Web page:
Barclays sparks anger over bonuses
Barclays was accused of ignoring anger over bonuses and running "business as usual" as it revealed a £1.5 billion pot for investment bankers.
A 32% cut to the bonus pool at Barclays Capital in 2011 was in line with a 32% fall in profits at the investment arm and did not signal the change required, major shareholder group the Association of British Insurers (ABI) warned.
Providing more disclosure on bonuses in its annual results than previously, the bank said the average bonus for staff at Barclays Capital was cut by 30% to £64,000 in 2011 while the group's total bonus pool was down 25% at £2.2 billion.
However, chief executive Bob Diamond refused to be drawn on questions about his own bonus, amid reports he could be in line to receive a £3 million payout.
Robert Talbut, ABI investment committee chairman, said: "Whilst overall bonus levels at Barclays have been reduced, for Barclays Capital, this reduction is only in line with the fall in profit before tax. This appears to be very close to business as usual.It is not the signal of the change required in order to improve the investment case."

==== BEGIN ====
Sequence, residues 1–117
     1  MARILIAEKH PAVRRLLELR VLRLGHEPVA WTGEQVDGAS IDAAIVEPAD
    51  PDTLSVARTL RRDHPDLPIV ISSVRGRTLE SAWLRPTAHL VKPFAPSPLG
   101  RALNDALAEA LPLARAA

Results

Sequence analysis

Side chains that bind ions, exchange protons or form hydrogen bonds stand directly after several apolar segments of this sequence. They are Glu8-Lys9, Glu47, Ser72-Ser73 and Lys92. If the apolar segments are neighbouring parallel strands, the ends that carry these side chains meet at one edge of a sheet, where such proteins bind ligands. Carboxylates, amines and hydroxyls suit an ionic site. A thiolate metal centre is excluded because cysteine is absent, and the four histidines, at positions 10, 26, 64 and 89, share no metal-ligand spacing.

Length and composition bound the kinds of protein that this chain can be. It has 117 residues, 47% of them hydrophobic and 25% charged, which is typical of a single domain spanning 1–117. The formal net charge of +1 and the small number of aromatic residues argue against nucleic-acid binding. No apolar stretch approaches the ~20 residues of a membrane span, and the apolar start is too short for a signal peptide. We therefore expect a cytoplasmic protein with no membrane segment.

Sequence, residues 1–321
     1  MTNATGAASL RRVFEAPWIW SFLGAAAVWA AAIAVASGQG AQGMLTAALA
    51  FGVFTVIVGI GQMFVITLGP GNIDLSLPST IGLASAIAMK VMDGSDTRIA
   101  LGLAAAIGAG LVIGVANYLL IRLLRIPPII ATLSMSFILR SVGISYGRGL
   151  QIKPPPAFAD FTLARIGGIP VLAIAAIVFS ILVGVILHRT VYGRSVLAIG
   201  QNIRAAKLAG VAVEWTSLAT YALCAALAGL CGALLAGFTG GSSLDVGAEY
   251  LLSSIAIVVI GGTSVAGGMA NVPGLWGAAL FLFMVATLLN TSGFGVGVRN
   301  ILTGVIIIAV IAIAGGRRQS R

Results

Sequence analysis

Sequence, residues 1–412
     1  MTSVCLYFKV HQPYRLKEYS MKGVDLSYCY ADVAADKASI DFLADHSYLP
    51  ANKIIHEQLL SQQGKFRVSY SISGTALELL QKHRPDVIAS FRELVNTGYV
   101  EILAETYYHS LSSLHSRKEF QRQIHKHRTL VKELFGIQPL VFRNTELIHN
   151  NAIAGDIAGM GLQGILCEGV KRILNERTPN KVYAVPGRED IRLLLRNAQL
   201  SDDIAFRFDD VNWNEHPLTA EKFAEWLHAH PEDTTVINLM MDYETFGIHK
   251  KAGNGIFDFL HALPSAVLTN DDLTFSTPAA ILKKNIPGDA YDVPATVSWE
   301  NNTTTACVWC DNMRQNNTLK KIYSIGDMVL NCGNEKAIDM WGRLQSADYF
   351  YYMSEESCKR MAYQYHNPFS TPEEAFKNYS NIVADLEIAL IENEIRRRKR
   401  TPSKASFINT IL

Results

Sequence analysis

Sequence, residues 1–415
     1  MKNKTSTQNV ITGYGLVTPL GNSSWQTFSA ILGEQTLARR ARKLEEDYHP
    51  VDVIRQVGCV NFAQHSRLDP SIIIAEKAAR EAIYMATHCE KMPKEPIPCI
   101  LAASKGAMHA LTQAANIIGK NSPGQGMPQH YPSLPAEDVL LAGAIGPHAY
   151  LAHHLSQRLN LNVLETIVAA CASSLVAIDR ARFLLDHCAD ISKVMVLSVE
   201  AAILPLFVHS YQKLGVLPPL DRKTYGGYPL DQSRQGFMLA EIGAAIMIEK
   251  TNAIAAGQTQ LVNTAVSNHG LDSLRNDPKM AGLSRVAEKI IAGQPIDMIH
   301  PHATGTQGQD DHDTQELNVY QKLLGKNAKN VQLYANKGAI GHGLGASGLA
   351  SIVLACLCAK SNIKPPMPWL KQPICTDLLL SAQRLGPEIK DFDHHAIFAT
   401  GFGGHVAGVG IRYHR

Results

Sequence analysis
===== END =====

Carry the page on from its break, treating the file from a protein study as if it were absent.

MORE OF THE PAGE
In response, Mr Diamond said: "We stay close with our shareholders and they are very supportive."
Addressing the wider issue of bonuses, the American banker said: "We need to balance remaining competitive with being responsive to the public mood."
The bank's moves to cap and slash bonuses were not enough to appease unions and anti-poverty campaigners as "serious questions exist about the moral backbone of those running the financial service sector".
The results come after weeks of conflict over bankers' bonuses, in which Royal Bank of Scotland chief Stephen Hester turned down his £963,000 bonus amid mounting pressure and Lloyds boss Antonio Horta-Osorio waived his payout following a leave of absence. Asked if Mr Hester was right to waive his bonus given the current climate, Mr Diamond again refused to comment.
Barclays, which reported pre-tax profits of £5.9 billion for 2011, down 3% on the previous year, said it introduced a cap on the cash part of bonuses for investment bankers at £65,000.